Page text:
Storm Lorena became a hurricane again early on Friday as it closed in on the south of Mexico‘s Baja California peninsula, threatening to lash the popular beach resorts of Los Cabos with heavy rain and high winds.
Lorena, a category 1 hurricane on the five-step Saffir-Simpson scale, was about 60 miles east of Cabo San Lucas with maximum sustained winds of 120 km/h, the Miami-based National Hurricane Center (NHC) said in a statement.
The eye of the hurricane is due to veer around the tip of the peninsula and move up the coast on the western reaches of Baja California Sur state this weekend, NHC projections show.
Lorena could strengthen further in the next day or so and is expected to begin weakening by Saturday night, the NHC said.
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After that the weather front should dissipate, but it may be absorbed by tropical storm Mario, which is moving towards the northwest further out in the Pacific, the center said.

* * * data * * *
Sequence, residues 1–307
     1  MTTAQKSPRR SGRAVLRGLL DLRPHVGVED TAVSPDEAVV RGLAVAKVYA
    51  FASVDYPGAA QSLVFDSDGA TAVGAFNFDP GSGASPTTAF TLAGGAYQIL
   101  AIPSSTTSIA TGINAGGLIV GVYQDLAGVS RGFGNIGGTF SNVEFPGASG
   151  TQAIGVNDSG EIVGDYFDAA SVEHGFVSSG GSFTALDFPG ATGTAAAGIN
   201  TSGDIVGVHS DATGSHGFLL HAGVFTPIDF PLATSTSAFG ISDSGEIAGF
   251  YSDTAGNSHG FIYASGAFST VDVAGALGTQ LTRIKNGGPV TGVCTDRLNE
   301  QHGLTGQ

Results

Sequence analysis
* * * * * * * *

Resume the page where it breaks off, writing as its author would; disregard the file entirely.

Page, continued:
Earlier this week, Lorena hit parts of the Pacific coast of Mexico with torrential downpours, forcing schools to suspend classes and disrupting maritime traffic for major ports.
Lorena is forecast to produce eight to 15 centimetres of rain in parts of southern Baja California Sur, and as much as 8 inches (20 cm) in some areas, the NHC said.
The storm may cause flash flooding as well as swells that spark life-threatening surf and rip current conditions.